December 2017: Hope & Resilience of the Human Spirit

Inside This Edition

When in the midst of the hectic holiday season or just dealing with polarizing politics, you may find yourself in need of a way to clear your head. It’s with this in mind that we decided on an uplifting theme for our December issue: Hope and Resilience of the Human Spirit. Here you’ll find a stable of stories ranging from the warm-and-fuzzy, to bright and funny, to dark with glimmers of light at the end of the tunnel. No matter your taste, you’re bound to be entertained—and blissfully distracted from any real-life stress.

The edition gets a dazzling start via Susan Pascal Beran’s The School Stream, a piece about hope and hopelessness, childhood and adulthood, innocence and cynicism. It is a stirring story that will haunt you, and may bring a few tears to your eyes. But Beran balances the weightier bits with a lovely, airy lightness that prevents the darkness from overpowering. The descriptions are transportive, the young protagonist is perfectly captured, and the emotional heart of the story beats loud and clear, particularly when the lives of its two central characters intersect in a flawless arc as the piece reaches its conclusion.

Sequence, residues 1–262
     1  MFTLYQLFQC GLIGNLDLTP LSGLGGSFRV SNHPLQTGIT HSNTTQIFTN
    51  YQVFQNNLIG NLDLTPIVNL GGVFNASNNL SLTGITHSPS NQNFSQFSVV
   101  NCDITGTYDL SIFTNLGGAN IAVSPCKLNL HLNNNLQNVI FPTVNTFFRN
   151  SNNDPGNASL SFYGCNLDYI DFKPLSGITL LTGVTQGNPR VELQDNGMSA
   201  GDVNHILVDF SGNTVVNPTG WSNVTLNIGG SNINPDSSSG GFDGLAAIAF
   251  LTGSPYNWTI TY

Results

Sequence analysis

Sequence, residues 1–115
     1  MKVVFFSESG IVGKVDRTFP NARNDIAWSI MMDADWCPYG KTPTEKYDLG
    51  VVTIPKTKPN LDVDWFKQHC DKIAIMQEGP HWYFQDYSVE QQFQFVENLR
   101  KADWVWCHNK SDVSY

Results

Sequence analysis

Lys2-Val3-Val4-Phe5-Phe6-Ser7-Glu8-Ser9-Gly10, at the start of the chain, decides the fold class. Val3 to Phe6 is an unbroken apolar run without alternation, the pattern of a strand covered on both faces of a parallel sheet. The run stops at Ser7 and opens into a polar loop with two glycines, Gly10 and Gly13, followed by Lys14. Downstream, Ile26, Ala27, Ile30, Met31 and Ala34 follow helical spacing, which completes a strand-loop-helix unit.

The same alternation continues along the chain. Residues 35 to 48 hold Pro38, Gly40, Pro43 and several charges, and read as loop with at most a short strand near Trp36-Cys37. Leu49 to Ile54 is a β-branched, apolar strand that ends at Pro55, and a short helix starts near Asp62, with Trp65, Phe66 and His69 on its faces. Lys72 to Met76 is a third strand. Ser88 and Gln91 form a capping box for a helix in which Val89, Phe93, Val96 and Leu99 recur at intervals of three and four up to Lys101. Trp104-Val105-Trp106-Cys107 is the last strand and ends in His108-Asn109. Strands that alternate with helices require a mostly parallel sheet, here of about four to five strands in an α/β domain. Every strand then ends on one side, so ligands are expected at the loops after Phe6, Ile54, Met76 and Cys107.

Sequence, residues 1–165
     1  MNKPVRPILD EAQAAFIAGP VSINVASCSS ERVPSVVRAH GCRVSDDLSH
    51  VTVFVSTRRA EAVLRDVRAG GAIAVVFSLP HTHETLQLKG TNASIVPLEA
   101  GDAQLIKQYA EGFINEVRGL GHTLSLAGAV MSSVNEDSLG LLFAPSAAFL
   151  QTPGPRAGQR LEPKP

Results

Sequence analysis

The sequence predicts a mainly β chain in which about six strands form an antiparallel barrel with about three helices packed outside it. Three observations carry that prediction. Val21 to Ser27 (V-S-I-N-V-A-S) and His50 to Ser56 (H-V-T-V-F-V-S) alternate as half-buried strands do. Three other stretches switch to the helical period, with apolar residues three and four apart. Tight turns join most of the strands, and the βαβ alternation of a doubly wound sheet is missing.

Beyond the Mountains by Walter Inman is a story like none you’ve ever read. With highly stylized writing, it’s a refreshing take on post-apocalyptic tales, offering a chilling—though surprisingly hopeful—look at the life of a man living in despairing circumstances, but who manages to find solace and salvation in an unexpected source. Sharp, funny, sad and sweet, Beyond the Mountains is not the type of piece you’d expect to induce such a wide range of emotions, but indeed it does, all while proving there are still original stories left to tell.

We’re also proud to offer several flash-fiction pieces that make for lightning-quick reads, including the wonderful Advice from a Stranger by Carl Conrad, about finding the strength to go on when all seems hopeless, which clocks in at a brief 92 words yet manages to pack quite a punch all the same. Follow the Sun to My House of Shells by Greg Roensch is also flash fiction, and a deeply humorous, entertaining piece that’s as wonderfully loony as it is amusing. The writing itself is polished and charming, and, at just 334 words, it’s the perfect piece for the busier among us. Lauren Suchenski’s The Season Beyond Speed is another flash work, a love letter to summertime that is so engrossing and well-written, you might just forget you’re in the middle of December.

No matter your interest or preference, this wide-ranging crop of stories will bring a smile to your face and take the edge off the winter chill. Savor these gems over a steaming beverage or beside a raging fire, and you may just be given the extra boost of hope and resilience you need to get through the holidays.